AMVETS hosts The Wall That Heals
In 1999, American architect Peter Eisenman embarked on a building project in which he was to design a Holocaust Memorial as part of a construction project for new government buildings in the German city of Berlin-Mitte. At the unveiling ceremony in May 2005, Eisenman made reference to the function of memorial culture when he said: “It is clear that we won’t have solved all the problems – architecture is not a panacea of evil – nor will we have satisfied all those present today, but this cannot be our intention.”
What I (and I hope most of my readers) took from Eisenman’ s statement is the understanding that memorials, especially ones dedicated to war or atrocity, are not necessarily meant to be viewed as a cure-all for the lingering wounds of a tragedy; that they are a helpful step in the prolonged process of healing rather than the finish line.
In most cases, the healing process contains no finish line – it is on-going. But that’s not to say things can’t get better; while the act of remembrance, specifically through dedication memorials, might not provide complete pacification, it can certainly provide a degree of placation – a means of garnering some closure.
Starting June 25, Jacksonville’s local AMVETS Post 100 chapter will be hosting their own memorial entitled The Wall That Heals, a half-scale replica of the Vietnam Veterans War Memorial in Washington D.C. designed to travel to communities throughout the United States. Having visited more than 400 American cities and towns since its dedication on Veterans Day 1996, The Wall That Heals will make its next stop at Jacksonville’s downtown square between Thursday June 25 and Sunday June 28.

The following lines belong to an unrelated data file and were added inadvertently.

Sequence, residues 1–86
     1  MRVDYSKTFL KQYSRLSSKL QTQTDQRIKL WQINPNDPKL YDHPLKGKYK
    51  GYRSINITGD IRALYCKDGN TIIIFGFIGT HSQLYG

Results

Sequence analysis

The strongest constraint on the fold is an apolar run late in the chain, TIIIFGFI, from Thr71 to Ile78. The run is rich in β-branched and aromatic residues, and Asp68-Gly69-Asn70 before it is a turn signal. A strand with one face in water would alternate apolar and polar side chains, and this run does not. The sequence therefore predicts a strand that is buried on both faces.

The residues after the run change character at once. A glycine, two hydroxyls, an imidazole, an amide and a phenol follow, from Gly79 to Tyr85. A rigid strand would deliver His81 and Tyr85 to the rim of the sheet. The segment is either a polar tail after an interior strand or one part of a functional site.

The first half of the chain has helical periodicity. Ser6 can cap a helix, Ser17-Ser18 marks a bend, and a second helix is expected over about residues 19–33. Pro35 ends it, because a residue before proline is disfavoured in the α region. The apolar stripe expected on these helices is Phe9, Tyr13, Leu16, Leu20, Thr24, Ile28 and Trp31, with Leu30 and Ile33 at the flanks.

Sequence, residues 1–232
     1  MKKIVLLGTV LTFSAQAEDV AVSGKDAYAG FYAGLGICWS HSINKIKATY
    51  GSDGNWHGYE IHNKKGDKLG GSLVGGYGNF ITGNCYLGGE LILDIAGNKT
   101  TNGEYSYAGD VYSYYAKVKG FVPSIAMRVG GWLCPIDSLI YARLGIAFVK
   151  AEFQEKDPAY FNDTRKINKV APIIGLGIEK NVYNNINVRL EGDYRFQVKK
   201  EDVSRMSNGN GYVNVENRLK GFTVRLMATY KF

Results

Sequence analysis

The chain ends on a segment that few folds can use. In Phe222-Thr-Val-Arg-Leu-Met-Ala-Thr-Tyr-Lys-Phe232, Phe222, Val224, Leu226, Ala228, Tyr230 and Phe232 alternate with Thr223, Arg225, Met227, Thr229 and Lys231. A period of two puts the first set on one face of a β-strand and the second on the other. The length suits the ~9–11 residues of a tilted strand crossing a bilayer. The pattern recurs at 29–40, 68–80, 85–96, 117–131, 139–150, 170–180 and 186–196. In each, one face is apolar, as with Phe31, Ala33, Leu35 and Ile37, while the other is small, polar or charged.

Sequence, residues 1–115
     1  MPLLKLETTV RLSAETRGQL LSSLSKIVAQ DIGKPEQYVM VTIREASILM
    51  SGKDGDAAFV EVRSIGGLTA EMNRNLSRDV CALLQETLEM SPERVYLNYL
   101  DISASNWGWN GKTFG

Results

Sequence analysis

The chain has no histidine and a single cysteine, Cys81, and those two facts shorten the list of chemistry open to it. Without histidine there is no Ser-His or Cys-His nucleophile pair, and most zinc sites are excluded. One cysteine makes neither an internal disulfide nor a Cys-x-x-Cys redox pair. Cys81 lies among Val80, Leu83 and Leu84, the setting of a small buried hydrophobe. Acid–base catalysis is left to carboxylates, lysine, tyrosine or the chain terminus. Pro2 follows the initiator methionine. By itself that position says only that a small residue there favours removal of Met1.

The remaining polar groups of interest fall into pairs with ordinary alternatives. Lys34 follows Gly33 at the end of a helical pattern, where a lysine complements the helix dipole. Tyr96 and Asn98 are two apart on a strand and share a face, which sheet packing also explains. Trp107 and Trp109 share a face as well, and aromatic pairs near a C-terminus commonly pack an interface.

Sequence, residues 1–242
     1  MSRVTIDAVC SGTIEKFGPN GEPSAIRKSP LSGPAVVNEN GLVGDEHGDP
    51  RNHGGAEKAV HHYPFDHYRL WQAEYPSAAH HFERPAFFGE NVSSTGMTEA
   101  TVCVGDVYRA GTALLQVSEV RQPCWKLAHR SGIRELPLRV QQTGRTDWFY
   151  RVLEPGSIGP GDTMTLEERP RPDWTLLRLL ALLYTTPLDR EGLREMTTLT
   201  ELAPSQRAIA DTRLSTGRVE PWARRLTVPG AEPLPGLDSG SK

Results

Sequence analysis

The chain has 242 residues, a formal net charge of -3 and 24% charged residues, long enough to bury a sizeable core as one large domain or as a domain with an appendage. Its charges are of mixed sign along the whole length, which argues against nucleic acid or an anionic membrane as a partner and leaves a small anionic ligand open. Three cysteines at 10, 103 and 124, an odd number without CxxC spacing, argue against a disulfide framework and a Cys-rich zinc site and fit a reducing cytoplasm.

“About three years ago we decided that if we were really going to do this then we’d need to really start planning it out,” said Jim Duncan, a member of AMVETS in Jacksonville for close to twenty year. “So then a year later, after contacting The Wall That Heals, we got on their schedule, but there’s about a two-year application process and a pretty strict contract you have to follow in order to qualify and raise the money. So we started several fundraisers and other ways of giving back.”
Like the D.C. replica, The Wall That Heals is erected in a chevron-shape and covers approximately 250 feet in length, with the names of victims listed in chronological order according to the day of casualty. Starting at the center/apex, the names work their way out to the end of the East Wall first before picking up again at the far end of the West Wall and again back to the center/apex – uniting the beginning and the end of the war.
“The Wall That Heals really lives up to its name,” Duncan said “The Vietnam War was very divisive for our country and there are a lot of hard feelings still left over from it. Now, a lot of Veterans of Vietnam are reaching retirement age and they’re starting to have issues because they’re not busy all the time, their minds are more free to roam, and in turn there’s a greater need to stuff like VA [Veterans Affairs] services.